So this doesn't mean that the Pope is perfect, nor that the Pope does not sin.

    And I will also say that this is not something that is done very often...it's actually quite rare that the church makes an absolute statement.

    And as a side-note....sorry for hijacking your thread I honestly didn't intend to do that!
  9. #49  
    Quote Originally Posted by shopharim
    Same three (I presume). I took that from one of the references you provided. I do actually read some of that stuff
    Oops, I just realize there was a "typo" in my statement. It should read bacteria, archaea and eukaryotes, of course.... Sorry for the confusion!
    “Reality is that which, when you stop believing in it, doesn't go away.” (Philip K. ****)
  10.    #50  
    Quote Originally Posted by clulup
    Anything that cannot be explained without the help of supernatural powers.
    Would not the statistical odds of just that right conditions being met for abiotic generation and survival of life fit that bill?

    I can see that given _illions of years, it is possible that the right combination of factors would align allowing the spontaneous generation of a basic molecue. And, again, given _illions of years, such conditions could occur more than once (i.e. at least three times, if the three basic types of life require separate and distinct origination -- not counting how many additional distinct life forms may not have survived).

    However, once the first event (the genesis) occurs within a life form, we are no longer dealing with unlimited time. Now, the basic molecule must survive. And, during its life span it must replicate. But that replication must also occur under precise conditions, with no detrimental conditions occuring prior to that.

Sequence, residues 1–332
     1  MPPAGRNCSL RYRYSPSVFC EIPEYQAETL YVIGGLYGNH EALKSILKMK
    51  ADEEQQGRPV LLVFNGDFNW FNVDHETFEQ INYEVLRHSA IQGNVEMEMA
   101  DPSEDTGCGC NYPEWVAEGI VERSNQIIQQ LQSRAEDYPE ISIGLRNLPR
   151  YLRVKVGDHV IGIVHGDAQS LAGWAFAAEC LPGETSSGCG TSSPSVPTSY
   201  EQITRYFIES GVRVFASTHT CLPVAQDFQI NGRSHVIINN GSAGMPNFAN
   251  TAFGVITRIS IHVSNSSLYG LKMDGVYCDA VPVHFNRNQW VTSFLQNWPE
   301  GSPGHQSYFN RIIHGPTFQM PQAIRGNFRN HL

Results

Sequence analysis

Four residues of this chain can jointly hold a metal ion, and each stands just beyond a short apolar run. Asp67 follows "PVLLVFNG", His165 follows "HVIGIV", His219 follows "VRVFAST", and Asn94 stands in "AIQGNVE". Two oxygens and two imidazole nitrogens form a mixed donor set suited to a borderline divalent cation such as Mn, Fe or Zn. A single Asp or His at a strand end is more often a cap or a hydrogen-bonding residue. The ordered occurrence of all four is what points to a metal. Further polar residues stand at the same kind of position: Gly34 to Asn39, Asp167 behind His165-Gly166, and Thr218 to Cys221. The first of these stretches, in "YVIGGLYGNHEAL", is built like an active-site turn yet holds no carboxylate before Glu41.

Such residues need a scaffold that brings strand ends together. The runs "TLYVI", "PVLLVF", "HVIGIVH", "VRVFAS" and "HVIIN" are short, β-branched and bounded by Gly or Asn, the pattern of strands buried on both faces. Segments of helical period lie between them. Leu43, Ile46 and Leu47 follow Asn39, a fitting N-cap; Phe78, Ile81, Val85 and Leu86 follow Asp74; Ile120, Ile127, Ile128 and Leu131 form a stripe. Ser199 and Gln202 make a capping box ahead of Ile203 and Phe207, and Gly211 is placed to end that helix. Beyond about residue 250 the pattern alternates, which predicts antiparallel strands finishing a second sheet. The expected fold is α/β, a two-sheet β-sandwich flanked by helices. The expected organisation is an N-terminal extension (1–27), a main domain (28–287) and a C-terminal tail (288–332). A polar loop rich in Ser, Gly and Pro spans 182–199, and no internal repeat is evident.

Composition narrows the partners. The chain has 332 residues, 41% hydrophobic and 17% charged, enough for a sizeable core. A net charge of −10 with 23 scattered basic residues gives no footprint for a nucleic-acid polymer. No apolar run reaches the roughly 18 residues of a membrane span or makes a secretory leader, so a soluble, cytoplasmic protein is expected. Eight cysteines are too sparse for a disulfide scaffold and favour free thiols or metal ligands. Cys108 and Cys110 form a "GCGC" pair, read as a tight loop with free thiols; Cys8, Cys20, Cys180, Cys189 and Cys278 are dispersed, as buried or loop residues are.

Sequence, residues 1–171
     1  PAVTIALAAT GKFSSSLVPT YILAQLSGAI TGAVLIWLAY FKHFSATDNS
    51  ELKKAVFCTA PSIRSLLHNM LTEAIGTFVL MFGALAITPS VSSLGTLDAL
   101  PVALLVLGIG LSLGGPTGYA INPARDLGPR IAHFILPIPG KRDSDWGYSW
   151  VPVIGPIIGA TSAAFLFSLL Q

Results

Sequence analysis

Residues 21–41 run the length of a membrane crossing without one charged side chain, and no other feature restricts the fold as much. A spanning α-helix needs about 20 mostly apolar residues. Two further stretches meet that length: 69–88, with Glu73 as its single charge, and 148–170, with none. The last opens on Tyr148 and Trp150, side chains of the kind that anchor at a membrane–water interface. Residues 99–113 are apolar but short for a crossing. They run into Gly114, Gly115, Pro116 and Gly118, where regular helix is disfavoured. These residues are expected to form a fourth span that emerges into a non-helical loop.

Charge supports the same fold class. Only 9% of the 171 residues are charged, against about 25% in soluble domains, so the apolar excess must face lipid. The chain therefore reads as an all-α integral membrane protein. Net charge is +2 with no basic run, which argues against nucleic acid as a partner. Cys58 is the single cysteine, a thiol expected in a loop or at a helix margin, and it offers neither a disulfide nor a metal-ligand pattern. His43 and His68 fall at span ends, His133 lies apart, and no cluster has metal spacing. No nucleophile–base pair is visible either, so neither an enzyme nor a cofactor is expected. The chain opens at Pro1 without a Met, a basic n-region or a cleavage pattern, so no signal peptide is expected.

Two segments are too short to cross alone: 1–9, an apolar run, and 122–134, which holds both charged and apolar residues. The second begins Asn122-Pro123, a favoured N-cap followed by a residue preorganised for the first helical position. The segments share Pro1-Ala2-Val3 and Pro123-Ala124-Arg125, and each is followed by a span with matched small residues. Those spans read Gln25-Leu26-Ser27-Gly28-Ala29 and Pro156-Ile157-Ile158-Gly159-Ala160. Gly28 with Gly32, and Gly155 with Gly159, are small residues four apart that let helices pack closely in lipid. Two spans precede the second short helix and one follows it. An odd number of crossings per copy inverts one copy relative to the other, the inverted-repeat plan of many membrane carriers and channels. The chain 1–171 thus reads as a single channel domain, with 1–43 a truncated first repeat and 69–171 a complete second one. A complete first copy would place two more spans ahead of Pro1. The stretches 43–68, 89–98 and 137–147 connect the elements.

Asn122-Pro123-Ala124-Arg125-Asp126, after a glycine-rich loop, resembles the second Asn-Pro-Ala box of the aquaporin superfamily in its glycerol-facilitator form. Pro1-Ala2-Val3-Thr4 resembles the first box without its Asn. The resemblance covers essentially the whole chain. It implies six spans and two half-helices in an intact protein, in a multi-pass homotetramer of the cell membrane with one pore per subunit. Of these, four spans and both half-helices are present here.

But then, the molecule must not only replicate, it and/or its replicas must also replicate. And they must replicate many times, each under the precise conditions, to generate a sufficient population so as to survive "natural selection" as mutation (evolution) begins to occur.

    Not even counting life as we know it today, there would be required a significant number of progressive mutations to "evolve" to even the RNA level. Again for of these progressive mutations we are talking about the precise conditions being met for each component of this string of possible events.

    Now, all of this is based on individual aspects of the theory being demonatrated under controlled circumtances in laboratories. However, to date, no one has been able to string together, even under these controlled circumstances, the series of events to go from primordial soup to viable life form. Yet, the theory assumes, and in reality takes for granted, that in an uncontrolled environment such has occured?
  11. #51  
    Quote Originally Posted by shopharim
    Would not the statistical odds of just that right conditions being met for abiotic generation and survival of life fit that bill?

    I can see that given _illions of years, it is possible that the right combination of factors would align allowing the spontaneous generation of a basic molecue. And, again, given _illions of years, such conditions could occur more than once (i.e. at least three times, if the three basic types of life require separate and distinct origination -- not counting how many additional distinct life forms may not have survived).